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Recently, my interest in land use planning has led me to researching the issue of leapfrog development.

Leapfrog development is when development skips over vacant land directly adjacent to developed urban areas in favour of land further away, that is often not as expensive.

In Ontario, leapfrog development has led to increased development in unprotected areas outside of the Greenbelt1. This leapfrog development can lead to the fragmentation of our agricultural land base, which may disrupt agricultural activity and impact the long-term viability of our agricultural sector. The effects of leapfrog development will impact future generations.

However, leapfrog development doesn’t just pose issues in Ontario, it actually occurs anywhere that urban development takes place. A case study looking at the city of Kelowna, British Columbia, observed leapfrogging of the Agricultural Land Reserve, a zone in British Columbia that recognizes agriculture as the most important use of the land2. This act of leapfrogging has largely resulted in urban sprawl across the region2. This continues to be observed in outlying hillsides surrounding the region, where suburban development persists2.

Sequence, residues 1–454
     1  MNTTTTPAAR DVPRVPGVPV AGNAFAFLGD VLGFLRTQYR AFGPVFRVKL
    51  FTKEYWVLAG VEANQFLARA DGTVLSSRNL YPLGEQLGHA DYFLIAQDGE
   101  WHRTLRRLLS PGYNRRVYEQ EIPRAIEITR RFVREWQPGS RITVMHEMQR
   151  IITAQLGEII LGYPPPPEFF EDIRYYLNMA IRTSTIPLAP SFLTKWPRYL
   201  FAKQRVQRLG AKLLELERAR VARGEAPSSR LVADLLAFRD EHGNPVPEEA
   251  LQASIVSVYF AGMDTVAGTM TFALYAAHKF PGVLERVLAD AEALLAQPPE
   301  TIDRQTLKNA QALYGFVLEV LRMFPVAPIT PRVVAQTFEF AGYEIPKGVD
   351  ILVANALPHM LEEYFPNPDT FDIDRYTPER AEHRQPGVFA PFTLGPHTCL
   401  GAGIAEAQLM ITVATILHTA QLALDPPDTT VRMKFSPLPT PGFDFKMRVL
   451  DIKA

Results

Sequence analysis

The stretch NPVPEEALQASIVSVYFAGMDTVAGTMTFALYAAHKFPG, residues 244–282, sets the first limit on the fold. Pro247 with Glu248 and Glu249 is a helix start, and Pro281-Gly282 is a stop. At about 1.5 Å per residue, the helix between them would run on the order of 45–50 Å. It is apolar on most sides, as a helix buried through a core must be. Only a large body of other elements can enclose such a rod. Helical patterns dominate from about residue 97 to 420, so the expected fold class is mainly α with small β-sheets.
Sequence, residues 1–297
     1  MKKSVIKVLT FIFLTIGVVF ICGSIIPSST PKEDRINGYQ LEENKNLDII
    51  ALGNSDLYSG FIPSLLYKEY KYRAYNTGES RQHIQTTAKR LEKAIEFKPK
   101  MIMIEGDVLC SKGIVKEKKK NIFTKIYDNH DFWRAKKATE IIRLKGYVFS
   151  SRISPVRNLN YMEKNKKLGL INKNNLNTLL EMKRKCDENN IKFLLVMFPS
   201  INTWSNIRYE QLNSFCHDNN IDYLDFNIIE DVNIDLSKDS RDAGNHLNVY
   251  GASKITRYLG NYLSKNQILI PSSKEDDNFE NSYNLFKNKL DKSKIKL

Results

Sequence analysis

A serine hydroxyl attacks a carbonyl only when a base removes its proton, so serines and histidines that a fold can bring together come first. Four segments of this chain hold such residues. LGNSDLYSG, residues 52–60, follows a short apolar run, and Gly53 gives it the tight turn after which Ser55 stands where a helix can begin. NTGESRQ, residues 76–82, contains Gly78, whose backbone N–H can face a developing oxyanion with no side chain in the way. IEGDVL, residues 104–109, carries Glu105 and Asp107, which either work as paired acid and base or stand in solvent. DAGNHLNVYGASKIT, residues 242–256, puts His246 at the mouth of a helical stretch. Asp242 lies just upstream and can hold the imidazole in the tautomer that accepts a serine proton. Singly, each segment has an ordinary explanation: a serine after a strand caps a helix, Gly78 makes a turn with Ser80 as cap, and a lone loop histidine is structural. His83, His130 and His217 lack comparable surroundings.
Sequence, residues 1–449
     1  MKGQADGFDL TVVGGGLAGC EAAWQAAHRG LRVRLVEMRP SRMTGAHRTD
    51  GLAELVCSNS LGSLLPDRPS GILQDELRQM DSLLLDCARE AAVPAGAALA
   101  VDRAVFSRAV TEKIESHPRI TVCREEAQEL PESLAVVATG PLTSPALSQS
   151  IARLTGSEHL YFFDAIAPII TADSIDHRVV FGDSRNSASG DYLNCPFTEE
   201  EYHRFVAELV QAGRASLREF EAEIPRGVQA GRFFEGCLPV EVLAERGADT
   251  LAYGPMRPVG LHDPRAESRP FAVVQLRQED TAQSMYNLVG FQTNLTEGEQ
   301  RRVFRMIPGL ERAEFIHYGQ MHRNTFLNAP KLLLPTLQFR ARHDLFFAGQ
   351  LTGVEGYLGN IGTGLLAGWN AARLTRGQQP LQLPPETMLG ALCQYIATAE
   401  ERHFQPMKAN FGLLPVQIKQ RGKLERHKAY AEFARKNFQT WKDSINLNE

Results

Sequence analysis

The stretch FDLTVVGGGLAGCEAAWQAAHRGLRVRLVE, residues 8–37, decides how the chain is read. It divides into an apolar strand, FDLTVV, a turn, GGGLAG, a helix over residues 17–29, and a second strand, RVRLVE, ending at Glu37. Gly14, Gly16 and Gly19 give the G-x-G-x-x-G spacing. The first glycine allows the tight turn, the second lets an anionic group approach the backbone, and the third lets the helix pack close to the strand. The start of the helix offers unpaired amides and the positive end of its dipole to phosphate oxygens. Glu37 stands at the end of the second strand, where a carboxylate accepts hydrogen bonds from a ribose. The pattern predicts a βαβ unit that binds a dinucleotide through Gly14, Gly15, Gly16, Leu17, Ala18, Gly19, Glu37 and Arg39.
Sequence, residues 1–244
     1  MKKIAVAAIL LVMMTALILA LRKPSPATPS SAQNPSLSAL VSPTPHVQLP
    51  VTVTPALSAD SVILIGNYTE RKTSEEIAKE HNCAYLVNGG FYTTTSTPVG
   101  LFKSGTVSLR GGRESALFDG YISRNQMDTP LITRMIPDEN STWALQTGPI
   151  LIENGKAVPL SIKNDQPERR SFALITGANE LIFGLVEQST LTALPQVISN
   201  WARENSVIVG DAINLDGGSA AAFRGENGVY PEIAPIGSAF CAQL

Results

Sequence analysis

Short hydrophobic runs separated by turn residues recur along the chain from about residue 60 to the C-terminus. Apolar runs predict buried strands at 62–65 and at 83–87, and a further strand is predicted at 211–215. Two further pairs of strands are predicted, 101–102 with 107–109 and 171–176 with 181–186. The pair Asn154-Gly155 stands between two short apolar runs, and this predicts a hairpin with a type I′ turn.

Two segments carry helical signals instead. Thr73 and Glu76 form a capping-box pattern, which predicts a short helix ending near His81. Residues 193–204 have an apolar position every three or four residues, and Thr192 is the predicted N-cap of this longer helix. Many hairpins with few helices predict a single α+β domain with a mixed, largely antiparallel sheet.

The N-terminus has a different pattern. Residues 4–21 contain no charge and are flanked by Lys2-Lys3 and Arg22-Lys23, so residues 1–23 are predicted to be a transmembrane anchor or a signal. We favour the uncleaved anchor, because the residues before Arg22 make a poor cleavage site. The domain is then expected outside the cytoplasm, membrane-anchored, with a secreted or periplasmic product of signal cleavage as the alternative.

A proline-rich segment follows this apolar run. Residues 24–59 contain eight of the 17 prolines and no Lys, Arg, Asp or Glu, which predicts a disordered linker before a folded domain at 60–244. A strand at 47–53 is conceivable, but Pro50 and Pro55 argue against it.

Leapfrog development can lead, and has led, to a significant loss of farmland in Ontario. To help prevent this, we need strong, wide-spread protections for all farmland put into place.

OFT regularly provides comment on provincial land-use planning policy issues to help promote the protection of all of Ontario’s farmland. To read some of our policy recommendations, click here.


  1. Vyn, Richard J. (2012). Examining for Evidence of the Leapfrog Effect in the Context of Strict Agricultural Zoning. Land Economics, 88(3), 457-477.
  2. Grifone, Edward. (2017). Agricultural Land Preservation and Urban Development in the New Fringe: A Case Study of Small Lot Farming in Kelowna, British Columbia [Unpublished master’s thesis]. University of British Columbia.